American Legion carries on, but for how long?

By Mike Crowley • Meadville Tribune • May 30, 2022 

CONNEAUTVILLE — A familiar scene will take place this morning in this corner of northwestern Crawford County and across the country.

After meeting for breakfast at 8 a.m., members of the Means-Flynn American Legion Post 615 will head to Conneautville Cemetery, where they will perform the first of six Memorial Day ceremonies at area graveyards. Small flags have already been placed on the graves of veterans by Legion members and other volunteers. When the post’s rifle squad arrives, there will likely be a brief prayer followed by a rifle salute and then the playing of “Taps.”

Would Memorial Day be Memorial Day without ceremonies like this?

Conneautville, like much of the country, is likely to have an answer to that question sooner rather than later, according to the steadily dwindling group of men who make up Post 615’s rifle squad. About 12 men can be depended on to make it to funerals where post members provide military honors and the Memorial Day ceremonies that the post has been performing for generations.

“The dirty dozen,” rifle squad commander Mark Sladick jokingly calls them in a reference to the World War II movie of the same name — a film most members of the group saw for the first time when it was released in 1967 and when they were in their 20s.

On Friday, Sladick and several of his fellow members drank coffee in the post’s social club a little before noon. Seated at the bar, David Prince, 78, flipped through a scrapbook that hadn’t been added to in decades while his brother Tim Prince, 75, looked over his shoulder. A few seats away, their cousin Clint Prince, 70, the post’s commander, leaned an elbow on the bar decorated with tiny U.S. flags and bouquets of shiny red and blue stars. Gary Clark, the post’s finance officer, was nearby, wearing a USS Shangri-La hat. On the wall behind him, World War II-era aircraft looked on the verge of flying into the bar from out of two paintings about the size of small movie theater screens.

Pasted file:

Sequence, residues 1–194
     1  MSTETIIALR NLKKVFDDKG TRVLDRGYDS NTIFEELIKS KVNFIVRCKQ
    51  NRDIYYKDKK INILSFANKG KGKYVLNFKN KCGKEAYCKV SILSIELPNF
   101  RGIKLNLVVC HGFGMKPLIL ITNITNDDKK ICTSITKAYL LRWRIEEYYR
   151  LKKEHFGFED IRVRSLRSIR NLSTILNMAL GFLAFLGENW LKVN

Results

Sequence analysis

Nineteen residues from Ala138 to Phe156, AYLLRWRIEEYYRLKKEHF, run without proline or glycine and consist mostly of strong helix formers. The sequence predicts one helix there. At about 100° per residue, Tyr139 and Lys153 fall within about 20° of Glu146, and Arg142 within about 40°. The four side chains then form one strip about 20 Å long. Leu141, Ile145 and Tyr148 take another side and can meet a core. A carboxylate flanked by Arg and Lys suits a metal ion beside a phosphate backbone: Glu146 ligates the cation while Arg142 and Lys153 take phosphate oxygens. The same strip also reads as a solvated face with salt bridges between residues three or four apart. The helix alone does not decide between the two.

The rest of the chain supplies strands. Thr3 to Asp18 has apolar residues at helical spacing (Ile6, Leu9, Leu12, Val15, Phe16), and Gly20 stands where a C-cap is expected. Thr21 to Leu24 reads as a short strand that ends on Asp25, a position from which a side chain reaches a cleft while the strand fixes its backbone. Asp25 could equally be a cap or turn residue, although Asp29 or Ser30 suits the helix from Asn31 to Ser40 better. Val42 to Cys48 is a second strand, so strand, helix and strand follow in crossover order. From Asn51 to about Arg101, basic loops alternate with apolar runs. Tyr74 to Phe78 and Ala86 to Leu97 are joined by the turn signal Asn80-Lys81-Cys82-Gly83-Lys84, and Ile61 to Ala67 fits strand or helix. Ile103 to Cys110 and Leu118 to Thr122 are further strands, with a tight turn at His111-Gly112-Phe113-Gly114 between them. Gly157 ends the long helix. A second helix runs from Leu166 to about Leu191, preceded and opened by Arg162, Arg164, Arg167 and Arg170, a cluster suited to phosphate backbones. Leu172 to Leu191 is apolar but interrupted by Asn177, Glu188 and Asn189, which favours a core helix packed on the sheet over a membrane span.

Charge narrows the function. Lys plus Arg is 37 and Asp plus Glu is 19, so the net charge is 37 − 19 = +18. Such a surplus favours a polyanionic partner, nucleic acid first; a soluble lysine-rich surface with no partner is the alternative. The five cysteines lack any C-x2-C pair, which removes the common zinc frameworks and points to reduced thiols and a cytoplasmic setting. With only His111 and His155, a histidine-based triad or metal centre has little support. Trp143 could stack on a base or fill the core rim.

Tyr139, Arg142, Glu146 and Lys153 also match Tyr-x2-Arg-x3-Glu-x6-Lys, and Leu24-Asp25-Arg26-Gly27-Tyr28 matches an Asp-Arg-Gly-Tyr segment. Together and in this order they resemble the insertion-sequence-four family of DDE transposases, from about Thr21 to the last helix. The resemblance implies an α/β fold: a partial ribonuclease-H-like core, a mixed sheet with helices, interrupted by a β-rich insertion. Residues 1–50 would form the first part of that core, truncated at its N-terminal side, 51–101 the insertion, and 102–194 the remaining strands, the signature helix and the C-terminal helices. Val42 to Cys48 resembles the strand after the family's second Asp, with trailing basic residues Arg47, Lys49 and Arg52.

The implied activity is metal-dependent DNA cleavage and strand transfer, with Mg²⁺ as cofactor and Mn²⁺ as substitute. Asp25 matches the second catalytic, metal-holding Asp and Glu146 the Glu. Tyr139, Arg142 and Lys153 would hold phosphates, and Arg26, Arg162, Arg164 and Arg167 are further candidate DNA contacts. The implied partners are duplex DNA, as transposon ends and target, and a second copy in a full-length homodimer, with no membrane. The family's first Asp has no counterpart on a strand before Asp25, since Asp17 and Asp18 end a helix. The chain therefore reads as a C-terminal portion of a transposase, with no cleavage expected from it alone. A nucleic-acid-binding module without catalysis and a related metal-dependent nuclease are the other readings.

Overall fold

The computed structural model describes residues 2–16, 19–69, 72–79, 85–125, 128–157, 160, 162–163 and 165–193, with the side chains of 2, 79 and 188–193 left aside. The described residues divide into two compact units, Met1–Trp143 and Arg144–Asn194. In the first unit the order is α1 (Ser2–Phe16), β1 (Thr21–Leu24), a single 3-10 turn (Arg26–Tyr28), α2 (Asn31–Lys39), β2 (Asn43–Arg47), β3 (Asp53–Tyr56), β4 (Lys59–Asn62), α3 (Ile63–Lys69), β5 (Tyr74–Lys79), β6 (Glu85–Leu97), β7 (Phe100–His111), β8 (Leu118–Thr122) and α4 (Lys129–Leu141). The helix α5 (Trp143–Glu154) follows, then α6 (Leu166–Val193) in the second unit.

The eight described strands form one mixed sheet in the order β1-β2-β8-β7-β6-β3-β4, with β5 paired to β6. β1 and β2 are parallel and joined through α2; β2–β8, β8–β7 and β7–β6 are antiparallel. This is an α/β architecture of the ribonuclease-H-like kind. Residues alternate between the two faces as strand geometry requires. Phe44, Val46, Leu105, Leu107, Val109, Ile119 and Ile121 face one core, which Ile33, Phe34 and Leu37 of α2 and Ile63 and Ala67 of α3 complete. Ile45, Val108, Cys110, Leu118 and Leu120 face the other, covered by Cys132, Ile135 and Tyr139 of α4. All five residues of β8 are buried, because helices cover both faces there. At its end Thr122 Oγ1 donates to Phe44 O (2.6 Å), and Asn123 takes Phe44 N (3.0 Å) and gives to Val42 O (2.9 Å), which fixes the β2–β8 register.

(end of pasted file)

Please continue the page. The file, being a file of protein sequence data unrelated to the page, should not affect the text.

“After this Memorial Day,” Sladick said, “we’ll say, ‘Well, we pulled off another one’ — or at the next funeral, ‘Well, we got that fellow taken care of,’ but who knows how long we can do it. That’s the big thing.”

At 67, Sladick is younger than all but one of the post’s active members. Technically, there are about 100 active dues-paying members, he explains, but only a dozen or so can be depended on to regularly participate in rifle squad duties and perform the other responsibilities that come with operating the post.

Formed by American veterans of World War I and chartered by Congress in 1919, the American Legion quickly spread following the return of those veterans to civilian life — including nine posts in Crawford County.

In the 1940s, the organization drove passage of the G.I. Bill and it continued its support for veterans in the decades that followed. Recent years, however, have seen declining membership even as rules regarding membership eligibility were softened. Not since 2010 has the national organization experienced membership growth from one year to the next, according to

It comes as no surprise that membership in Conneautville’s Post 615 has declined as well. Amid stories of the post in their youth — when their fathers were active and the speakeasy-style peep hole on the door to the third-floor ballroom came in handy — the current members led a tour of the post’s current reality. Each flight of stairs up from the social club was a step further back in time — one that might have been accompanied by a soundtrack if the broken down player piano on the second floor had had any life left in it.